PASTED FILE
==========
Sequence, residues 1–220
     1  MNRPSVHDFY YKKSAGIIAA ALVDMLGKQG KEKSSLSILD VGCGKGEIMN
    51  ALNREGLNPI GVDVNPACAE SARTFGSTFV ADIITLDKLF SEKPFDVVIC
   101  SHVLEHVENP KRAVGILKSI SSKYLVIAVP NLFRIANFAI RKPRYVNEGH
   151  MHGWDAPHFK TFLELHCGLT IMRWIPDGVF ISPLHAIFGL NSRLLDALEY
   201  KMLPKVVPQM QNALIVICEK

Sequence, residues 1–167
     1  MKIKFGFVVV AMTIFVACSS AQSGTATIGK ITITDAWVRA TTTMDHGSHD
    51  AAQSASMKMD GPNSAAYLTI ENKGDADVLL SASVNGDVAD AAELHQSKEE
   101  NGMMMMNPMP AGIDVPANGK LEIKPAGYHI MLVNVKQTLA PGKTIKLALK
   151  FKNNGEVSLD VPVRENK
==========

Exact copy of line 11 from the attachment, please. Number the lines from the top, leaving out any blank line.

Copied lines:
   151  FKNNGEVSLD VPVRENK